Few things strengthen Christian faith more than seeing God at work in one’s life. Likewise, few things weaken faith more than failing to recognize such divine activity. Spiritual vision is so vital for Christian faith that I don’t think it is possible to overemphasize its importance. Yet, such vision does not come without a cost. For most of us, we pay through the sacrifice of stillness.
Modernity is not conducive to spiritual sight because we are embedded in a cultural matrix highly resistant to intentional stillness. We are typically rewarded not by a ceasing of activity but by its intensification. The discipline of stillness is rarely convenient and usually threatening to our so called levels of “productivity.” Therefore, if we are serious about strengthening our faith we must learn to fight for stillness and remain patient in its practice because spiritual vision takes time to nurture.
Philosopher and theologian, Dallas Willard writes, “Muddy water becomes clear if you only let it be still for a while” (The Divine Conspiracy, 259). These wise words underscore the relationship between stillness and vision. Therefore, we must learn to cultivate a passion for the clear refreshing waters of undistracted time alone with God if we hope to strengthen our eyes of faith. And we must drink daily because we can’t rely on past experiences of divine stillness. Just like the muddying of clear water, so too does the business of life have a way of quickly clouding the clarity of yesterday’s spiritual vision we vowed never to forget.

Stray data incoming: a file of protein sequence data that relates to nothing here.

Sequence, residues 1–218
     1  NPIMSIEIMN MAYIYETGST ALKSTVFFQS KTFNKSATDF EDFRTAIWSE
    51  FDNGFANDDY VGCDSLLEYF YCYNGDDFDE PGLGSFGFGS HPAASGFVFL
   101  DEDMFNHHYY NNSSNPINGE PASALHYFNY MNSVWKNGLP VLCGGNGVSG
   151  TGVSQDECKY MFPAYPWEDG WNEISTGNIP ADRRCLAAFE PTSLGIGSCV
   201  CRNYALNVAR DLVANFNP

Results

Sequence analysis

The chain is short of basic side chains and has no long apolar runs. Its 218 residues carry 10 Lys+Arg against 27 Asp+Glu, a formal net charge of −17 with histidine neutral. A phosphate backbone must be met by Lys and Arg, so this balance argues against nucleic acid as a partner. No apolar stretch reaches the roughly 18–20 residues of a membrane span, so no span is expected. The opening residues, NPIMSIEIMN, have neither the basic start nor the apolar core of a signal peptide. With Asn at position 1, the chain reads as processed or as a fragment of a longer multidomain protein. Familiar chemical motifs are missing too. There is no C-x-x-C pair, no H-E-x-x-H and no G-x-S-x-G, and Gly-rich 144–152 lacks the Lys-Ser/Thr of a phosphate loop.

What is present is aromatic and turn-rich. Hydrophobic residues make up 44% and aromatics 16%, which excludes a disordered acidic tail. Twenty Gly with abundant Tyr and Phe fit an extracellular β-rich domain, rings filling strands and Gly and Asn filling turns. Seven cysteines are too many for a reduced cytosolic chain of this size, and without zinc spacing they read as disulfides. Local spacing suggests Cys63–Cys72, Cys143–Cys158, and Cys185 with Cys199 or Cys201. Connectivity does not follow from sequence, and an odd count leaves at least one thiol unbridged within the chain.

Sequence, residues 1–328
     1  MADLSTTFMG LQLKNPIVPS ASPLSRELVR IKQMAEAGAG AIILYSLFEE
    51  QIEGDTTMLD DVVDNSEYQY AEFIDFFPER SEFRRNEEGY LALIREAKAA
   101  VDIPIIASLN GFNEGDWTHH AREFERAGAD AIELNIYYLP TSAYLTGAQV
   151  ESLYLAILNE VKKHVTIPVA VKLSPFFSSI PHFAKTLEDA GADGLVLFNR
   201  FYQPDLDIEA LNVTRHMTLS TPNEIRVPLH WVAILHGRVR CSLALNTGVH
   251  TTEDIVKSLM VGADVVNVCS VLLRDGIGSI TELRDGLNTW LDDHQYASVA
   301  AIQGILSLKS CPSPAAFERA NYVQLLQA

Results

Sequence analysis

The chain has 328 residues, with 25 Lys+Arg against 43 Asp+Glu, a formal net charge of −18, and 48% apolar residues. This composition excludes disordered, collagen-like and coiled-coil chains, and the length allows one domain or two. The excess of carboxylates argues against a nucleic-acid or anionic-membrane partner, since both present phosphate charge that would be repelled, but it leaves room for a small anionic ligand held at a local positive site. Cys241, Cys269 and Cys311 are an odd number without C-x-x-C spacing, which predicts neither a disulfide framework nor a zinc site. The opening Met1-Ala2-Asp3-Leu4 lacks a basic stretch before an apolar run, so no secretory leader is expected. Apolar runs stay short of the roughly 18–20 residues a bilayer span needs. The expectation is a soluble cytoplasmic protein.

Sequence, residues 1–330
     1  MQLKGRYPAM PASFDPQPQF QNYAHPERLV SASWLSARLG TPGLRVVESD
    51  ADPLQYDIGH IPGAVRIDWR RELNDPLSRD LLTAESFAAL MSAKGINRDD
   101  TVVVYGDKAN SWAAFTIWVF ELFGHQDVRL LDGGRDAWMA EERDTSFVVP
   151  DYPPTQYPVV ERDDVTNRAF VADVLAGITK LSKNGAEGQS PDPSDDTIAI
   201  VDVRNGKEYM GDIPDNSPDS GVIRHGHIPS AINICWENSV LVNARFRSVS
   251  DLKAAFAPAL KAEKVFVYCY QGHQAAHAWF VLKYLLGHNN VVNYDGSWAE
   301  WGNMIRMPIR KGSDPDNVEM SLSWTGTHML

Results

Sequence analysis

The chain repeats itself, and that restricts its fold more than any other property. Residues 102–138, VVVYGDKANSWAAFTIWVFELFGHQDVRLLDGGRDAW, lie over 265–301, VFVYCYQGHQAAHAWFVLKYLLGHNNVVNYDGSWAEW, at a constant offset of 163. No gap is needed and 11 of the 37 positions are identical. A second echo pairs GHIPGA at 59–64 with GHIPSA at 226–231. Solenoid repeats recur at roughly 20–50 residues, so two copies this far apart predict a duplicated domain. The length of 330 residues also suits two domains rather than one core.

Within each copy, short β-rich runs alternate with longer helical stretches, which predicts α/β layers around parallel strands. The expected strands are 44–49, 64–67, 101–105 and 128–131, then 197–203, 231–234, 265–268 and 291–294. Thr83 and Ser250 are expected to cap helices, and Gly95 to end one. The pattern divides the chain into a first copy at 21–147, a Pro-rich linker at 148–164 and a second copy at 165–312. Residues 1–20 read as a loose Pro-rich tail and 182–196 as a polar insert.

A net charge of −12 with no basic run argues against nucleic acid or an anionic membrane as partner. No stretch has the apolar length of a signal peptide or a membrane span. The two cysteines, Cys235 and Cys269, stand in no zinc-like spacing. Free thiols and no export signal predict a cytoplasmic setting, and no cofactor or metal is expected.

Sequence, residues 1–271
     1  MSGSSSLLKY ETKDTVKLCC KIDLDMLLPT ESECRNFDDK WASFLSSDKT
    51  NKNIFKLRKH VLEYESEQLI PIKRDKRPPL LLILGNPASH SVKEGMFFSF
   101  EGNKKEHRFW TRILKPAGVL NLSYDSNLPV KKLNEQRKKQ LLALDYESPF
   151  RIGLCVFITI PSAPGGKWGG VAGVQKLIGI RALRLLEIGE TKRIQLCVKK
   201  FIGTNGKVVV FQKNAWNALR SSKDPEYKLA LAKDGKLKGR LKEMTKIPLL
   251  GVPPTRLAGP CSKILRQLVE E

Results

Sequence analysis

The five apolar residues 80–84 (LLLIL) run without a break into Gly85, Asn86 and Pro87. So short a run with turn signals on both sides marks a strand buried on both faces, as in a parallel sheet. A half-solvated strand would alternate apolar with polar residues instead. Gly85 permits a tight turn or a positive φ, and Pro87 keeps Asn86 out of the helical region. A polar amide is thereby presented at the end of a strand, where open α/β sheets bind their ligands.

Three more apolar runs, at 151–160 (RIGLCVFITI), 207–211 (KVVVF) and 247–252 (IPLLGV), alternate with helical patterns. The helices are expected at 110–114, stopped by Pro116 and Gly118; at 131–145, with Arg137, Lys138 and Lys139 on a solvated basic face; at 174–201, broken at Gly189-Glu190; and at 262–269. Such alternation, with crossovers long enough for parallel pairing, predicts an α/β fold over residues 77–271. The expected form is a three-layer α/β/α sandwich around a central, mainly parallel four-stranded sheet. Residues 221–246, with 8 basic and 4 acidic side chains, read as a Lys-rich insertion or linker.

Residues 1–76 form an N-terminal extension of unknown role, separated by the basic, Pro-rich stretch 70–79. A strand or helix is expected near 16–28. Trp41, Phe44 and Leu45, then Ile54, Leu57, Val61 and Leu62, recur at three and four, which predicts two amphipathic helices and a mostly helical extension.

We don’t have to be heroes in this discipline. We just have to be consistent . . . even if it is only a few focused minutes a day. We must simply begin somewhere. As we learn to practice stillness and silence, God trains us to see what we never before noticed—his guiding and sustaining hand before us, behind us, and ever surrounding us. The transforming impact of such vision will be like a whole new world within our world suddenly slipping into sight.
As we become faithful in the practice of stillness, we will soon become like Jacob (in Genesis 28:16), who after encountering God’s presence—in what initially seemed like a very normal place—later exclaimed, “Surely the Lord is in this place, and I did not know it.” Through stillness God unveils our eyes of faith to recognize his presence and discern his activity ever among us regardless how ordinary or awful our situations may appear. Next week we will talk about the impact of such renewed vision upon our life.
What Do You Think?
Have you ever experienced a new awareness of God’s activity in your life through intentionally practicing stillness? If so, how did this affect you?
♦ To see the video and poem this post is based on, click here.